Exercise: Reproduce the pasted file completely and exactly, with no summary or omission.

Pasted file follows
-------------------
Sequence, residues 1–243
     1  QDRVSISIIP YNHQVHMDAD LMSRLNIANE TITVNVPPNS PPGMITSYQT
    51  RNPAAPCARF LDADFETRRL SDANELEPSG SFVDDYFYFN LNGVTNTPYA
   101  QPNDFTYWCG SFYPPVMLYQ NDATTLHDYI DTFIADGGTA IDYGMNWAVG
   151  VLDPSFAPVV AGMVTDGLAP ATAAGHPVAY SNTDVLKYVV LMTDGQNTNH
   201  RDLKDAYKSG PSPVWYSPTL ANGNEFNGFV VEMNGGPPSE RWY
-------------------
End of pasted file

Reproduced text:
Sequence, residues 1–243
     1  QDRVSISIIP YNHQVHMDAD LMSRLNIANE TITVNVPPNS PPGMITSYQT
    51  RNPAAPCARF LDADFETRRL SDANELEPSG SFVDDYFYFN LNGVTNTPYA
   101  QPNDFTYWCG SFYPPVMLYQ NDATTLHDYI DTFIADGGTA IDYGMNWAVG
   151  VLDPSFAPVV AGMVTDGLAP ATAAGHPVAY SNTDVLKYVV LMTDGQNTNH
   201  RDLKDAYKSG PSPVWYSPTL ANGNEFNGFV VEMNGGPPSE RWY